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AI Is Taking Comment Spam to the Next Level, and It Is Annoying Everyone


    If you’ve been on LinkedIn lately, you’ve probably seen a lot of suspiciously elaborate comments that don’t really seem to add anything. Have people all of a sudden become incapable of original thought? No, these comments are written by AI, with the original post as input.

    That’s also why they mostly seem to summarize what’s already been said in the original post. It’s just slightly smarter spam, courtesy of tools like ChatGPT and other LLMs, sometimes with the help of a browser extension.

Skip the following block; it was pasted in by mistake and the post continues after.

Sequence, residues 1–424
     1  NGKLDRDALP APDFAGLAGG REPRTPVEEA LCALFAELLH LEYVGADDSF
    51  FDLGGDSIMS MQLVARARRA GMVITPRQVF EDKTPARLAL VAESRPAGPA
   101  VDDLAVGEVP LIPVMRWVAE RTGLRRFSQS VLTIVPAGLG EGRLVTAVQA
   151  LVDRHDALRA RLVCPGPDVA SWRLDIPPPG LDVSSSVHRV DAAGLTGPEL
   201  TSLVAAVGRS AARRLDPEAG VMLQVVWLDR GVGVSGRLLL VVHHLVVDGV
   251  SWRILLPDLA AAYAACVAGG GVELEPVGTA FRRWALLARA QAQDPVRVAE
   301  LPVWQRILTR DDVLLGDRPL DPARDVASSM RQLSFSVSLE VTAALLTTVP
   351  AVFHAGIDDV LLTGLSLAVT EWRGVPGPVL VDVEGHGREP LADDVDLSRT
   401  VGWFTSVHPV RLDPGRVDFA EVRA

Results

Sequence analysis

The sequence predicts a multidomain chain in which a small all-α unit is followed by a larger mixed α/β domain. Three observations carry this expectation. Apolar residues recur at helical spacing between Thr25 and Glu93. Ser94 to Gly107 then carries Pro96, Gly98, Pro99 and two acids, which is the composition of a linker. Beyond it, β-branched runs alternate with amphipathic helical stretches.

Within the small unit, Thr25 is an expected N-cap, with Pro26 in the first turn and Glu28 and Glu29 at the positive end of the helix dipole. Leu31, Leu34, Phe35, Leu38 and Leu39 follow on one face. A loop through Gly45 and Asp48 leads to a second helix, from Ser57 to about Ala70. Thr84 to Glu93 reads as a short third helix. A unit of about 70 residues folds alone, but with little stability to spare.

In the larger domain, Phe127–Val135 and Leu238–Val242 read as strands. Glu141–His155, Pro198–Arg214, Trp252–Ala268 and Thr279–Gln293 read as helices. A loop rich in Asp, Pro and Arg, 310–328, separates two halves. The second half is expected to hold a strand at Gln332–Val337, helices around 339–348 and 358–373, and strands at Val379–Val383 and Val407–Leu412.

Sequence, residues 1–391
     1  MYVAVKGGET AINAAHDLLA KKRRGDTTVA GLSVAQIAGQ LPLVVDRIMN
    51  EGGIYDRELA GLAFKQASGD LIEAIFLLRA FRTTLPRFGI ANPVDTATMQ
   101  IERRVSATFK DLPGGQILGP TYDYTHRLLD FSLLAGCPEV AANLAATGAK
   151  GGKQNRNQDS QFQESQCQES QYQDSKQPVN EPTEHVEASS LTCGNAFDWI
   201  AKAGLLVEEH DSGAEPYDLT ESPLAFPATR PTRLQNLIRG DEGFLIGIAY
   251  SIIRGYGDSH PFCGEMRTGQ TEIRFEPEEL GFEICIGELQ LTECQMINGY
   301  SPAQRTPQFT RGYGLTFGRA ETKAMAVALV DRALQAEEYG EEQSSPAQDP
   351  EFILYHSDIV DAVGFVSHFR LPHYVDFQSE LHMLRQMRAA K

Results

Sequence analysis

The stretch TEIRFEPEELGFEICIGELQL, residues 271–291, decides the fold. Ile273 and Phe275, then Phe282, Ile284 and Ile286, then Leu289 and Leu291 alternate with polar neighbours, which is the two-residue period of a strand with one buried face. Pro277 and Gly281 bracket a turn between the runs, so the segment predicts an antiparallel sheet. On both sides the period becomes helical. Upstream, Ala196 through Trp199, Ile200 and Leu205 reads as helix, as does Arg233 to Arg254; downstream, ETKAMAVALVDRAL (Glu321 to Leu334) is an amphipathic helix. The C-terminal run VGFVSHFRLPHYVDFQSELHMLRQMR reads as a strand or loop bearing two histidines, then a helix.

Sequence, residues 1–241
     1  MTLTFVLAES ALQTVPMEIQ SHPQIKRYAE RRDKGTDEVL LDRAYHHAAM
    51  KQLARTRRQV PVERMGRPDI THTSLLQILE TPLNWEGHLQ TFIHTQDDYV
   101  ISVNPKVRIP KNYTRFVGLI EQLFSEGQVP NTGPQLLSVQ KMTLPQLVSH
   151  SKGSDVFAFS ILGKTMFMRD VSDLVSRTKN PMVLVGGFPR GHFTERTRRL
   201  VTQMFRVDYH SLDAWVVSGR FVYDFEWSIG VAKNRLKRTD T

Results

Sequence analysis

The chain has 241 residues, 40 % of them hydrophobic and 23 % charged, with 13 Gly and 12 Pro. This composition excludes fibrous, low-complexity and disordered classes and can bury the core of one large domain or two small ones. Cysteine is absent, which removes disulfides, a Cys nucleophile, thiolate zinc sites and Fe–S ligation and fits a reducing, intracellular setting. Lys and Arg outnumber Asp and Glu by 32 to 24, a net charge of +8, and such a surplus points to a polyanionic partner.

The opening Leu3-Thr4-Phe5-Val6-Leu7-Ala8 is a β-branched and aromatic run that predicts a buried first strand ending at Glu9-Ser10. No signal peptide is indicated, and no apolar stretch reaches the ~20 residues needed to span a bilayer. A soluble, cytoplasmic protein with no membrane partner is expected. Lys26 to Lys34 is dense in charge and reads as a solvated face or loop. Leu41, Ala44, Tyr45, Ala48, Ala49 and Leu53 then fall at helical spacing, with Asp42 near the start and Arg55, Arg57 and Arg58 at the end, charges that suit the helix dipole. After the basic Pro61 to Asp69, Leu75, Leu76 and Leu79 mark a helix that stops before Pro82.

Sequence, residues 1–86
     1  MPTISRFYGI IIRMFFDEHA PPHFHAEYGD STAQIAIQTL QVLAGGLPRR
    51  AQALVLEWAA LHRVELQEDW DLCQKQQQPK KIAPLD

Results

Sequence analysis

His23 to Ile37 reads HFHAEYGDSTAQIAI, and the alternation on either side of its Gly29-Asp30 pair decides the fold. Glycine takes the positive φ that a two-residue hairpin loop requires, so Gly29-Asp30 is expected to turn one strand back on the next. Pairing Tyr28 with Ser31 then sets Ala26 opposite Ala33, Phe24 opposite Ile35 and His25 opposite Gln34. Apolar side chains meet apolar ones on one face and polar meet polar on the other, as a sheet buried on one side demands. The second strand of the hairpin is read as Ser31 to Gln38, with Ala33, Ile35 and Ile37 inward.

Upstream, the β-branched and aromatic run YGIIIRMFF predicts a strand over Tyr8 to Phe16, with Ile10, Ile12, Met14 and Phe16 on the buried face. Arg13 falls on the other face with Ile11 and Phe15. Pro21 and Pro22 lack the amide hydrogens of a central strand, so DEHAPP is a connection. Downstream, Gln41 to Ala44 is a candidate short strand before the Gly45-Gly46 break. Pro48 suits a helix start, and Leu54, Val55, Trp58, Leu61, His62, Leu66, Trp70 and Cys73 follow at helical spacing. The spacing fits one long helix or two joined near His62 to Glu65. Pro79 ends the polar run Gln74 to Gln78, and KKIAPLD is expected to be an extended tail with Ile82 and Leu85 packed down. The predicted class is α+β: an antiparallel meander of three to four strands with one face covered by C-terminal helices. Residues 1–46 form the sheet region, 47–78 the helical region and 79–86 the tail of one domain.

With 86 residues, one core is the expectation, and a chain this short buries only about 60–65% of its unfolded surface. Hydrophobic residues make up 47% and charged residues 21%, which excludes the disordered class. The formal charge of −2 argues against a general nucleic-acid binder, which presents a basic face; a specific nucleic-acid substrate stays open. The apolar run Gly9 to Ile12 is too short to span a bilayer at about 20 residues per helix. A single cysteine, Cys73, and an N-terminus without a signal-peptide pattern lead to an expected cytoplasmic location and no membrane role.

A screenshot from a LinkedIn post by Lily Ray stating: “People are clearly using ChatGPT to leave “insightful” comments up in this place and it’s the worst. Can we not?”
    LinkedIn post by Lily Ray

    Once you know what to look for, you’ll start seeing these types of comments everywhere.

    Case in point, here are some real examples from LinkedIn:

    A screenshot taken from LinkedIn with a spam comment.
    A screenshot taken from LinkedIn with a spam comment.
    A screenshot taken from LinkedIn with a spam comment.

    And here we have some spam on spam action, because why not?

    A screenshot taken from LinkedIn with a spam comment.

    These AI-generated comments are not necessarily created by spam bots. Many are probably just normal people trying to automate engagement and networking.

    But as Lily Ray said there, can we not? Please? Pretty please?

    Where’s this coming from?